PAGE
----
happen. So far as I could tell, it didn't come close to happening.
- Blow outs due to wide gaps between the forms on the outside of the curves
- We had gaps up to an inch wide between the forms in some places on the outside
of the curves. We were concerned that the foam might not hold the concrete in, since
these gaps ran the vertical length of vertical columns of concrete. To prevent this,
we coated the lower part of outside of the forms with Conproco Foundation Coat, a fibre
reinforced waterproof surface bonding cement, and this strategy worked well. Raimona did
the lion's share of the coating. We had no problems with concrete blowing out at the wide
- Rastra being crushed by the weight of the joists and plywood while undergoing the
stress of being filled
- We had some concern that all that weight might cause the Rastra to fail, but with the
15" long 2x2's under the ends of the joists, it didn't, even when quantities of concrete
were stored on plywood adjacent to the 10" partition wall.
- We had been warned online and by the engineer that there was some chance that the walls
might fall over while the concrete was being poured.
- Perhaps the presence of the joists and the beam across the end of the stairwell helped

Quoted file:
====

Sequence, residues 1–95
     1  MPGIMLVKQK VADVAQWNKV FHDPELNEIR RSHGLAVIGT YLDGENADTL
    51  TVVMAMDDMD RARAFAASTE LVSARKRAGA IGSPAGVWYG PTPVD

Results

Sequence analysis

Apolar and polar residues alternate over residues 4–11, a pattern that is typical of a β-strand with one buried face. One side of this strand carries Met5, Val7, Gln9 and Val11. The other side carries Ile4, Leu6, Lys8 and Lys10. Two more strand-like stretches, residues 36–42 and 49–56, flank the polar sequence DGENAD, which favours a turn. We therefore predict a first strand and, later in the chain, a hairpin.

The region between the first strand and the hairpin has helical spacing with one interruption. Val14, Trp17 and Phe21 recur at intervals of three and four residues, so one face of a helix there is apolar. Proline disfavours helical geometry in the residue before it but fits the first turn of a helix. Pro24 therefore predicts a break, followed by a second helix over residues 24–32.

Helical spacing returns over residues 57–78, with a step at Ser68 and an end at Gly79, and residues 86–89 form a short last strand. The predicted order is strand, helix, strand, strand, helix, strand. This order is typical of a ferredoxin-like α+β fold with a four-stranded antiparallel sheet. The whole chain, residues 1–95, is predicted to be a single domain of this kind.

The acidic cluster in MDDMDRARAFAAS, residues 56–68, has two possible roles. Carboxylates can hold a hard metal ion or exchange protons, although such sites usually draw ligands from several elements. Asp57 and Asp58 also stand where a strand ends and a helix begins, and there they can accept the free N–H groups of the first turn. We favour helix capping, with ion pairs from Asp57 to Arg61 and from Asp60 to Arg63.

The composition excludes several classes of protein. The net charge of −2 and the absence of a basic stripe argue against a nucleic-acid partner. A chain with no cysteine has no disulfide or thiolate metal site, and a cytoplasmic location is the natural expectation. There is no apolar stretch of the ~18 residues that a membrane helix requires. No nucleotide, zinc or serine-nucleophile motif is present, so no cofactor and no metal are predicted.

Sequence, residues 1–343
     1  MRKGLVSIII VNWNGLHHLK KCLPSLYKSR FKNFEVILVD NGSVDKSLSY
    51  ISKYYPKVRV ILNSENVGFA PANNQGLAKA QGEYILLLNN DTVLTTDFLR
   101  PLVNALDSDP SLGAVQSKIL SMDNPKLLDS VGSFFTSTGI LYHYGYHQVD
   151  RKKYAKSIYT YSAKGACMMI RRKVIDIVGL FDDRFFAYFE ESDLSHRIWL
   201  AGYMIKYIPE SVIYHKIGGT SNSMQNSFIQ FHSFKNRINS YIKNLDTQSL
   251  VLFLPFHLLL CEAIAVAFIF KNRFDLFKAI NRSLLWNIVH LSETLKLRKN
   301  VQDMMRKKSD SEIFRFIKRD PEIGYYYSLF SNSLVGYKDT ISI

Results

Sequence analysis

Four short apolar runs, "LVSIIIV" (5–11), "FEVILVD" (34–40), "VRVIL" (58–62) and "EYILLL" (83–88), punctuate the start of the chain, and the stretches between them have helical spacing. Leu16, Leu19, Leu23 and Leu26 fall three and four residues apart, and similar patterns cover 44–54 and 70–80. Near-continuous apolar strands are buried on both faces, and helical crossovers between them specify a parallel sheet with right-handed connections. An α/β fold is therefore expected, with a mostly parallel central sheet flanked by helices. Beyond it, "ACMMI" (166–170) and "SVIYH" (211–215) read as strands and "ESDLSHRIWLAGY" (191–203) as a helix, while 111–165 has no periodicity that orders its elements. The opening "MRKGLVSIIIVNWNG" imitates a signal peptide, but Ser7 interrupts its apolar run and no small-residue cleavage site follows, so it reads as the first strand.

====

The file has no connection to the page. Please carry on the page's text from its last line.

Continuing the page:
them support one another sufficiently. Perhaps it was another reason. This didn't happen.
I saw no indication that it was even trying to start to happen.
- We had concern that where the basement walls met the two foot lower garage frost wall,
the concrete might flow out while the final round (lift) of the pour was happening in the
- The concrete in the garage frost wall set up quickly enough to have prevented this,
even if we hadn't had the troubles we later did.
- We had concern that if we cut holes in the Rastra to check the height of the concrete
as the pour went along, than the freshly glued plugs in the holes wouldn't be strong enough
to hold back the concrete during the next lift.
- So, we didn't cut any holes. While guessing seemed to be working, we did learn that